Shrine of St Valentine, Whitefriar St, Dublin, Church of the Carmelite Friars, (OCarm)
For a number of years I have been campaigning to put the 'SAINT' back into St Valentine's Day, eg, here, here and here. I was delighted, therefore, to read this essay in today's issue of The Irish Times. It is by 15-year-old Emma Tobin of Holy Faith Secondary School, Newbridge, County Kildare, Ireland.
I could talk all day about love, because in every book I read and in every movie I watch someone tries to tell me what it is. Most of these don’t come close to what love means to me, so I ignore them, but I remember a certain series of books that captured for me the shyness of young love and the certainty of true love.
Alas, I am not referring to any works by JK Rowling, but rather the man behind February 14th, the man whose name is thrown around but whose life is seldom remembered. Instead of preaching about what love is, I am going to tell you what we are truly saying when we write, in poorly disguised handwriting, “From your Valentine.”
St Valentine was a priest outside Rome in AD 270. He provided the sacraments to Christians at a time when the church was enduring massive persecution.
He was imprisoned for performing weddings for soldiers in the army and for practising Christianity.
What transpired during his imprisonment is the subject of much debate, and many say that we know nothing of St Valentine apart from the fact that he was buried in the Via Flaminia on February 14th.
There is also some consensus that he was martyred for his beliefs. This was not his belief that people should have the right to be in love, but that they should have the right to be married.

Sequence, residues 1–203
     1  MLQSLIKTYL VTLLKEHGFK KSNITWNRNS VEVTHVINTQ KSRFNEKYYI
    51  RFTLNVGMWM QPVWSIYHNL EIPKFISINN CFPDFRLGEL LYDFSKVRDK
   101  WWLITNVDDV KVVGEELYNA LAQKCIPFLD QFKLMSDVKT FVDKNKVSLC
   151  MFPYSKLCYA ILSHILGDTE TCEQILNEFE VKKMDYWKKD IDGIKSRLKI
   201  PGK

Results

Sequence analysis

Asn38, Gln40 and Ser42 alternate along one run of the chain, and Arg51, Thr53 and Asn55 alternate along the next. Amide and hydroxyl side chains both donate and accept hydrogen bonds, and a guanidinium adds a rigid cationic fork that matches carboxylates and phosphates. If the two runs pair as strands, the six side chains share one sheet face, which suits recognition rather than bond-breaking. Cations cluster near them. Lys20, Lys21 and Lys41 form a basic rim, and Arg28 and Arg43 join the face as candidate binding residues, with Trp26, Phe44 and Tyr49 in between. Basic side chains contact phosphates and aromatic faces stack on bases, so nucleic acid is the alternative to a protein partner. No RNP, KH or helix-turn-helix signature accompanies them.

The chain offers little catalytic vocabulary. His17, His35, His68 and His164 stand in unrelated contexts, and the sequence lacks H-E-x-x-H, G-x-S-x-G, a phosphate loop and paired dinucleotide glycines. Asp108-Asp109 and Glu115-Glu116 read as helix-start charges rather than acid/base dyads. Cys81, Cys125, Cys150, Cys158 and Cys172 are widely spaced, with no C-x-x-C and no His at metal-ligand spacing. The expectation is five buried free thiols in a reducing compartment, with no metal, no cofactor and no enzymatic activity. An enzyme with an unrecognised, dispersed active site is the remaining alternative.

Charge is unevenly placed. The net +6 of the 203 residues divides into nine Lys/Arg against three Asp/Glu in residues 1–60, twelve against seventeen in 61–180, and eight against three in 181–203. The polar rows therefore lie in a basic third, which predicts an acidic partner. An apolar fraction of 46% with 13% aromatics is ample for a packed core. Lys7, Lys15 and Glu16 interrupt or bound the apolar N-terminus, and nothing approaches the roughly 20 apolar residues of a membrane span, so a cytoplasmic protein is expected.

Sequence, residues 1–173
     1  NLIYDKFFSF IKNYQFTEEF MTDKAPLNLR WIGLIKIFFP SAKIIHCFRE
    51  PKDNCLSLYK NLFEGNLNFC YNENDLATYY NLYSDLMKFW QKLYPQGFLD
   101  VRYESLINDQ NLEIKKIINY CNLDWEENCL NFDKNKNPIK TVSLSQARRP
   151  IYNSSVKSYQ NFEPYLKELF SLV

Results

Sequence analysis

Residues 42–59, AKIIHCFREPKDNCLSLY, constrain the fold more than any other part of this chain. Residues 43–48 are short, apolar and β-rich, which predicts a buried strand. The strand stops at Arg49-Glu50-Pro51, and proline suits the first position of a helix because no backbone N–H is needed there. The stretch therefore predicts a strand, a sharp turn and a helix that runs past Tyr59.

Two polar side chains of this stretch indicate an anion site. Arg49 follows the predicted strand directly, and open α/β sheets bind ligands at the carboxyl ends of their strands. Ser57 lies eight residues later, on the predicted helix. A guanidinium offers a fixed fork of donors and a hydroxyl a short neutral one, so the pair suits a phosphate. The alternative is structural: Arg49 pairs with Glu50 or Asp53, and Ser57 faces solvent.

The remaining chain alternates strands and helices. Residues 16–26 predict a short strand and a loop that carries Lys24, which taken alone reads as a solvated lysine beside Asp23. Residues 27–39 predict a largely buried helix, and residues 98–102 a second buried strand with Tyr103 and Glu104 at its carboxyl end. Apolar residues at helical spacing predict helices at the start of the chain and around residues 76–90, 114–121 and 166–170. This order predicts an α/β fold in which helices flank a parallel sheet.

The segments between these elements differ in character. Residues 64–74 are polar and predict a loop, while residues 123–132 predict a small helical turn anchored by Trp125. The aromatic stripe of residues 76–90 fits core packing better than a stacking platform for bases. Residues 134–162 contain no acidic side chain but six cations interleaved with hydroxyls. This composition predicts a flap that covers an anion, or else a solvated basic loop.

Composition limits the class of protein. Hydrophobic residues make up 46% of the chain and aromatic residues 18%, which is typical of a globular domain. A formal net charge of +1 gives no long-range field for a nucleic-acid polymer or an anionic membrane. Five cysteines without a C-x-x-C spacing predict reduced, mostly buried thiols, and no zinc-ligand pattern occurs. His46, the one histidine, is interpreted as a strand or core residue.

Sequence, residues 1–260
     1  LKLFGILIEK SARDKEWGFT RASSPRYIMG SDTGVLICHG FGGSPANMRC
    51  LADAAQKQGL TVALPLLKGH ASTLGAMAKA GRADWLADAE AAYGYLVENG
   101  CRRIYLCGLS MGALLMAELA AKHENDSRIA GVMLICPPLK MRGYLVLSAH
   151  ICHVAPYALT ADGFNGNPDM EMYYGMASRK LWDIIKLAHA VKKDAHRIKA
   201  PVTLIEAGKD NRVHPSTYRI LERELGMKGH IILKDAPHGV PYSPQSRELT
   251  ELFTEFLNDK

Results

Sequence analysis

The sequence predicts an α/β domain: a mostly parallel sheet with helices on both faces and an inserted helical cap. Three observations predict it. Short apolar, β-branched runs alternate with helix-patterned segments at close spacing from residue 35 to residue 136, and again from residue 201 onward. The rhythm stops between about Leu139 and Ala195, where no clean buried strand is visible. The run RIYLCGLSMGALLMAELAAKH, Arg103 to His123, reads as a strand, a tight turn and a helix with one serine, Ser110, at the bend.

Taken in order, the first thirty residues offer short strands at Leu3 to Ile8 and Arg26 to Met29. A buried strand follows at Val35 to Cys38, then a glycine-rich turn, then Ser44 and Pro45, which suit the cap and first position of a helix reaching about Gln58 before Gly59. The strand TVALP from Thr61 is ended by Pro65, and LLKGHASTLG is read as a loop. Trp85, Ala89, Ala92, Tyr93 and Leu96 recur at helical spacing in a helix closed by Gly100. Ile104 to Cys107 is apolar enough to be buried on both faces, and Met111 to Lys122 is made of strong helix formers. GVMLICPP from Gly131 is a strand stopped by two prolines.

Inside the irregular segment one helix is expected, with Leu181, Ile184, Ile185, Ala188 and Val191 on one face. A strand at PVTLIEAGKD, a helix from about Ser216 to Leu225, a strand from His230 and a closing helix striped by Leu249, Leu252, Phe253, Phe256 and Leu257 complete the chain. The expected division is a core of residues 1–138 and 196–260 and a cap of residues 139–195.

There are some accounts of St Valentine being interrogated by Emperor Claudius II, and of Claudius taking an interest in Valentine and urging him to convert to the polytheist religion of the Roman Empire. The same accounts also speak of St Valentine in turn trying to convert Claudius to Christianity, and say it was for this that he was ultimately sentenced to death.
True to form, he didn’t huddle defeated in his cell; he created a tradition that endures to this day. The jailer Asterius’s daughter was blind and St Valentine is said to have written a letter to the girl signed “From your Valentine”.
Another tradition has it that he cut out hearts in parchment and gave them to persecuted Christians to remind them of God’s love.
Our modern St Valentine’s Day may bear little resemblance to the aspirations of the man who gives it its name, but it is all that remains of a man who was brave, and who believed in human rights enough to die for them. We could do with taking a leaf from his book by respecting the human rights of others.
So today, when you’re dotting your i’s with jaunty little hearts, remember the man who died because he believed in the right of those who chose to do so to wear a ring on their finger proclaimimg their love for another person, in their right to let the world know who they loved enough to bind themselves together in sickness and in health, for rich or for poor, as long as they both shall live.
Happy St Valentine’s Day.